UK Real Estate Wins Race To The Bottom — But Can A Recovery Be Sustained?
UK commercial property has adjusted to the sharp rise in interest rates faster than any other market in the world, though a recovery from the trough remains on a knife edge.
Since the market peak in June last year, UK real estate values have fallen an average 21% across all asset classes, institutional investor M&G Real Estate said in a report this week, citing data from MSCI. But returns have started to rise again as values approach a possible nadir.
That fast drop puts the UK in a good place to bounce back, M&G said. Its analysis came with a caveat, however: Debt costs are likely to hinder a broad recovery, and high household mortgage costs and sticky inflation could create a recession that drags the sector back down.
“Significant increases in policy rates and the disastrous ‘mini-budget’ in October have led to the UK seeing a much starker real estate repricing than elsewhere in the world,” M&G wrote in the report.
“Sentiment has been evolving from gloom and doom to burgeoning optimism and values look to be finding a floor, while other global regions are pencilling in further falls, but is this optimism misplaced?”
M&G's view that the UK has repriced faster than other markets is based on MSCI data showing that in the first quarter, total returns — the combination of capital value change and income return — were positive.
Yet they were positive by the tiniest amount possible, just 0.1%, with capital value falls of 1% offset by income returns of 1.1%. That still meant the UK was the only market in Europe that saw a positive return in Q1.
MSCI data in April showed UK values had fallen at a faster pace than during the 2008 financial crisis before seeming to find a floor, raising the prospect of a shorter, sharper downturn than after the Lehman Brothers collapse.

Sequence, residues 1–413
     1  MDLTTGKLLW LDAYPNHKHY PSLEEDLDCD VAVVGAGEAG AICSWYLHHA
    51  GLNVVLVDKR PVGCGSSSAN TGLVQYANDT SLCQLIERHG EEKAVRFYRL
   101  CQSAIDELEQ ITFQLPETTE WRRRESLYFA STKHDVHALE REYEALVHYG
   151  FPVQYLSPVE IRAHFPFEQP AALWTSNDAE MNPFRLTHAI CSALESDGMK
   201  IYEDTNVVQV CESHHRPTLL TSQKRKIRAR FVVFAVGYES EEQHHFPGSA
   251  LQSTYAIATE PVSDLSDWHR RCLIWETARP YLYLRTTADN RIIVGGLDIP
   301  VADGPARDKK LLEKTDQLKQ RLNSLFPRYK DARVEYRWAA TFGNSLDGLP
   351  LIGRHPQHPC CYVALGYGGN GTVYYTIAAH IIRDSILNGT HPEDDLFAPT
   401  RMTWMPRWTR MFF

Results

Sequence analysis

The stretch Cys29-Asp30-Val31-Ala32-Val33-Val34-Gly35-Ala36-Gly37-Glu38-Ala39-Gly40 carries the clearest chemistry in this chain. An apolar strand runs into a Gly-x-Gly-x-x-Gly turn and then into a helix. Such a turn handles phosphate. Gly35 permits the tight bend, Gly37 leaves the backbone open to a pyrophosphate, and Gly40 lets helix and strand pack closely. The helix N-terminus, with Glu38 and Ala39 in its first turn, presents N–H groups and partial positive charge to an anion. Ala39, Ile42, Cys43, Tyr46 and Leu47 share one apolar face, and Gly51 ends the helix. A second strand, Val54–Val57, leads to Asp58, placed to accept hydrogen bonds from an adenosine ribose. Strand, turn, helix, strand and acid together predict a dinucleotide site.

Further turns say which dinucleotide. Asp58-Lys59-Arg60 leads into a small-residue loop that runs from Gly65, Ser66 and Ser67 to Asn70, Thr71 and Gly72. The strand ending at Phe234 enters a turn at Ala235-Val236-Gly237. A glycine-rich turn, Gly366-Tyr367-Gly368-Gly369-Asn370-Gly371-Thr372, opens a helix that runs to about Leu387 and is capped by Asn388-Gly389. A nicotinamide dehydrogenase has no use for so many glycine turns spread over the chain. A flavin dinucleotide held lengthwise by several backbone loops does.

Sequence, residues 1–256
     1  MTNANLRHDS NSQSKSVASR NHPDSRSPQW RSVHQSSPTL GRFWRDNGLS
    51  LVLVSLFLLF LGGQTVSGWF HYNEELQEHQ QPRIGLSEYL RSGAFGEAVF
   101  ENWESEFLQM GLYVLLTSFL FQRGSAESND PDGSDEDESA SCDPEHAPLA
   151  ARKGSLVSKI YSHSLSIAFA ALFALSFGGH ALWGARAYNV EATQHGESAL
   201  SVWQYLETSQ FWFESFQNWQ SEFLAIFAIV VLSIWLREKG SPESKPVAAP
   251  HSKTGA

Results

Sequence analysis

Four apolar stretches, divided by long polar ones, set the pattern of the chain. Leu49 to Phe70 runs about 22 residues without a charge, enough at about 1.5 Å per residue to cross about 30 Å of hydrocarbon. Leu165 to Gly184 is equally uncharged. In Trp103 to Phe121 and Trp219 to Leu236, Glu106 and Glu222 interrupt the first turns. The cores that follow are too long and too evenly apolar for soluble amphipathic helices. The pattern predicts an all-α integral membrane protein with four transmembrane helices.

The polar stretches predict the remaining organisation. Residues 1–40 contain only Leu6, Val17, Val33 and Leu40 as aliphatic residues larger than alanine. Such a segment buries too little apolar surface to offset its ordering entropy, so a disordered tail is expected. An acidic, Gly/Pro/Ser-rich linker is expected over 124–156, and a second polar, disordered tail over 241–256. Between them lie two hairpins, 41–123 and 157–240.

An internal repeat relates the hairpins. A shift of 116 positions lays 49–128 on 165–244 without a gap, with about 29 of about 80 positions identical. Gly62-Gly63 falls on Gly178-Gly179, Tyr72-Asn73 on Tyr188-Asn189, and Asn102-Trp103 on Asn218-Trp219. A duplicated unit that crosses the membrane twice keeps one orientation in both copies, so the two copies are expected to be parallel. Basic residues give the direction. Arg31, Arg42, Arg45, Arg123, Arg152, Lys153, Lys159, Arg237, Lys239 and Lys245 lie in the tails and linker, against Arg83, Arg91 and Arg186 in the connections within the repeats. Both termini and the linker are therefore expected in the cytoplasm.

“At just eight months, the slowdown is, as it stands, of much shorter duration [than the 2008 crisis],” MSCI said.
A big part of that speedy fall is the result of a decline in previously stratospheric industrial property values. Those fell by 28% between June 2022 and February this year, but have now started to tick up again.
By contrast, office values had fallen 18.5% by the end of April and are still declining. Rented residential was the most robust sector, bottoming out at a 5% drop in December and now standing just 2% below June 2022 highs.
“Taking a glass half full view, the UK economy has seemingly swerved a widely-anticipated recession and, while the economic outlook appears muted, sentiment points to growth, supporting occupier demand,” M&G said.
Investor sentiment has also strengthened, it added.
“Where yields have substantially repriced — with value re-emerging — and there is a strong narrative around long-term viability, notably for multi-let industrials and retail warehouses, there are already early signs of a return to yield compression,” the report says.
The living sector remains in favour, too, supported by a buoyant rental growth outlook, a trait likely to be prized in an environment of high inflation.
Even so, M&G was careful to hedge its bets amid uncertainty. The idea that the UK market has reached bottom is far from certain. Higher mortgage payments for households, coupled with high inflation, could lead to prolonged public sector strikes. Strikes could, in turn, lead to a recession, it said.
Then there is the real estate-specific matter of elevated debt costs.
In a chart, using data from Knight Frank, M&G highlighted that the all-in cost of debt is higher than the yield offered by almost every property sector, making it unprofitable to invest using debt. The negative yield ranges from 240 basis points for retail parks and 220 basis points for outer London build-to-rent to 130 basis points for City offices and 70 basis points for regional offices.
“If debt costs for commercial real estate in the UK rise further — meaning the numbers simply don’t add up — it could be a major roadblock for the asset class’s recovery and potentially lead to renewed falls in capital values across the board,” M&G said.
“This would particularly be the case for parts of the market that are already under pressure, notably non-core offices or assets that do not meet environmental standards. The potential for further banking volatility poses risks that should not be ignored.”